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» News » Corporate news » Dr. Thomas Fleming (Queen’s University Belfast): “Understanding the mode of action of biostimulants is critical to producing good customer advice and developing more effective formulations”

Dr. Thomas Fleming (Queen’s University Belfast): “Understanding the mode of action of biostimulants is critical to producing good customer advice and developing more effective formulations”

We talk with Dr Thomas Fleming, postdoctoral researcher at the Institute for Global Food Security at Queen’s University Belfast (Northern Ireland), about Tradecorp’s research in collaboration with Queen’s University Belfast (Northern Ireland) to analyse the performance and mode of action of different types of biostimulants. 

Q.- The research that you are carrying out in collaboration with Tradecorp is extensive and thorough, and includes a large number of analysis variables. When you began this research in 2015, what main objectives did you set? What expectations did you have of this study?

A. – At the time of my first introduction to the Tradecorp R&D team, I was collaborating on an EU Horizon 2020 project titled ‘Biofectors’ which involved studying the effects of biostimulants on stressed crop plants. We decided to design a short 1-year research project to identify the modes of action for Tradecorp’s biostimulants using the laboratory model plant, Arabidopsis thaliana.

Understanding the mode of action of biostimulants is critical to producing good customer advice and developing more effective formulations. The plant scientist’s organism of choice is a laboratory model flowering plant called Arabidopsis thaliana that can be used to investigate a wide range of biological processes, in part due to its small size, short lifecycle and genetic similarity to many crop plants.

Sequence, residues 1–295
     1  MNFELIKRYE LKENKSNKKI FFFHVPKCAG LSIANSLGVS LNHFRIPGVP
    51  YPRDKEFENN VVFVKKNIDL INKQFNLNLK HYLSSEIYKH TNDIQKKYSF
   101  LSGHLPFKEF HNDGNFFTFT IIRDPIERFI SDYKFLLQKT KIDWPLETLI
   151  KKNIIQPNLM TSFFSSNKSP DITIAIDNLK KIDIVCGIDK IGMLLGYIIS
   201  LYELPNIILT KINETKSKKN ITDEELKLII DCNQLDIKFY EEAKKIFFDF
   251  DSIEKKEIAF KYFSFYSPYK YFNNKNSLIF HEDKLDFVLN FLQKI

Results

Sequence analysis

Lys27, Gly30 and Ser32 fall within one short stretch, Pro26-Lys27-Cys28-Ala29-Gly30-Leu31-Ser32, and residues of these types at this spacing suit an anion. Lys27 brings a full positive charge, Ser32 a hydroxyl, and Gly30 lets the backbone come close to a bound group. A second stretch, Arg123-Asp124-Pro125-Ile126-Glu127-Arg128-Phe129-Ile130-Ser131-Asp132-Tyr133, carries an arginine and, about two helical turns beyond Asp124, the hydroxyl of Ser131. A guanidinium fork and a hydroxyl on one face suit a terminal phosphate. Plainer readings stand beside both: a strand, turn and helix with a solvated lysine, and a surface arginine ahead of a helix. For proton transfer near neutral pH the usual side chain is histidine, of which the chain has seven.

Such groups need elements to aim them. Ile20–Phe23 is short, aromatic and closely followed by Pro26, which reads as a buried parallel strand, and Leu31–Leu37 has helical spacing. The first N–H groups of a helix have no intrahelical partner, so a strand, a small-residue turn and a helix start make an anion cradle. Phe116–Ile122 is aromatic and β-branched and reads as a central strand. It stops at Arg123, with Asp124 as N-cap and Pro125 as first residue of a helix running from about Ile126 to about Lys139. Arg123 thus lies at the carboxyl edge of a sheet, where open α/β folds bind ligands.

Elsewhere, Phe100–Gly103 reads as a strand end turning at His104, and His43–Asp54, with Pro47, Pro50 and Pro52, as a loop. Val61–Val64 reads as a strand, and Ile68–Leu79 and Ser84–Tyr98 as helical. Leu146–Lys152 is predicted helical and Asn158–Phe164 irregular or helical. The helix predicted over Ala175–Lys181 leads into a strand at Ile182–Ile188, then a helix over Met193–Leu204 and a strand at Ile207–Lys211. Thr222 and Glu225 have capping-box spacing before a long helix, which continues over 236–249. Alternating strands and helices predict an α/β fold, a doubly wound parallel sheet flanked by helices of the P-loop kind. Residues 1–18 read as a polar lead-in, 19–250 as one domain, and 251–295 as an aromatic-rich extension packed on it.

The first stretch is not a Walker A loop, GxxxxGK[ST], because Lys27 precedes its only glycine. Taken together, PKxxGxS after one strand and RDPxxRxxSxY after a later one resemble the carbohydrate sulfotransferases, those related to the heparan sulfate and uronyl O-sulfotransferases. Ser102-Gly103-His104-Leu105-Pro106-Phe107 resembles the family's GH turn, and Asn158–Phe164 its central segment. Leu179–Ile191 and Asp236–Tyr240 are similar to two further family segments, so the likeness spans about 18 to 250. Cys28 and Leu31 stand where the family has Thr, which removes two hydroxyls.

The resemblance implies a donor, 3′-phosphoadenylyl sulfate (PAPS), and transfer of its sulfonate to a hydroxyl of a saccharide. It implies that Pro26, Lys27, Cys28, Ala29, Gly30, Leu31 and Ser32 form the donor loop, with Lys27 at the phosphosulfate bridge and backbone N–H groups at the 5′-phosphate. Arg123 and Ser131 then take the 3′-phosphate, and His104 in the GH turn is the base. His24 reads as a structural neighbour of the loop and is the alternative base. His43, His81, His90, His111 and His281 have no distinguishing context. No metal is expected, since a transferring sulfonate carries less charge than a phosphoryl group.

Our main objectives were: Firstly, to perform biostimulant efficacy tests for inducing drought tolerance in A. thaliana; secondly, to perform more detailed physiological and biochemical analysis on the optimal application rate identified for each biostimulant; finally, to assess the responsive genes in biostimulant-treated plants, thereby allowing us to identify the biological pathways ‘stimulated’ by the biostimulant product.

By the end of the 1-year project we determined several key aspects involving the application rates required for enhancing plant drought tolerance, and several of major molecular and biological pathways activated by biostimulants in the plant. This information is proving to be critical to our current understanding of each of the biostimulants evaluated, and is allowing us to decipher how components within the commercial products are acting in synergy to induce drought tolerance.


Q. – Although the boom in the biostimulant market is a relatively recent concept, the industry is highly interested in knowing more about this segment and in developing new solutions and technologies that maximise crop yields and allow the manufacturing companies to stand out from their competition. What would you say is the main differentiating element of this study in relation to other research that has already been carried out in the sector?

A. – A “biostimulant” is a relatively broad term describing a diverse range of chemical substances and/or biological organisms capable of enhancing plant growth. Importantly, biostimulants offer a natural way to improve plant growth and tolerance to stress, which could only be previously achieved by plant breeding programmes or genetic modification.